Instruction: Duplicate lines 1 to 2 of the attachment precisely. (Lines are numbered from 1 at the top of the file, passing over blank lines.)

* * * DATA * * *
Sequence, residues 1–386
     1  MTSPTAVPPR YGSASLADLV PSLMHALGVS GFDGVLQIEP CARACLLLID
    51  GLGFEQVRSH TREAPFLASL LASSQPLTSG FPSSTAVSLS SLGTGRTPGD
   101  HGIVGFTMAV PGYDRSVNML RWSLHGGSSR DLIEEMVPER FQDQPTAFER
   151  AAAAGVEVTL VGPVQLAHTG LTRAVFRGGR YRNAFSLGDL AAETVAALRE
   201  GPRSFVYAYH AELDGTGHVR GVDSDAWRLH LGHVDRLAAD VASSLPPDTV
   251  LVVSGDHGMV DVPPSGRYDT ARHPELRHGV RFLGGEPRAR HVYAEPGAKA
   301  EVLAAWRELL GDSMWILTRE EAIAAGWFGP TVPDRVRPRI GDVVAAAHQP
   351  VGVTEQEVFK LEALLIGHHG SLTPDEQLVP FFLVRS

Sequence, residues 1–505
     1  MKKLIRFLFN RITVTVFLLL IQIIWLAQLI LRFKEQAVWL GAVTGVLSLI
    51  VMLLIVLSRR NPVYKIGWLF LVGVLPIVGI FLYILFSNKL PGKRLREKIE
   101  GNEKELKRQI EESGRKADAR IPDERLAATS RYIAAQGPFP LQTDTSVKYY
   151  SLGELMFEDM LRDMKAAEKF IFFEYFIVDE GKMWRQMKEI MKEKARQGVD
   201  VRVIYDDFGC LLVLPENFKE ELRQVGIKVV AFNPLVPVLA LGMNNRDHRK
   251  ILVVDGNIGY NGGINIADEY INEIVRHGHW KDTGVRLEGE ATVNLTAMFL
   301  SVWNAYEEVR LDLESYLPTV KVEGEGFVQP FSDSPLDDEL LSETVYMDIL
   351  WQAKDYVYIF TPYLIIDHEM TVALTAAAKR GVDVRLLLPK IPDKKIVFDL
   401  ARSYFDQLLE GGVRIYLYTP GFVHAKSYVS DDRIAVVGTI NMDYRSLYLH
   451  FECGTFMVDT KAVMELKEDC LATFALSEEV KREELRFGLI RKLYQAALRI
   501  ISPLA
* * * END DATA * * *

Sequence, residues 1–386
     1  MTSPTAVPPR YGSASLADLV PSLMHALGVS GFDGVLQIEP CARACLLLID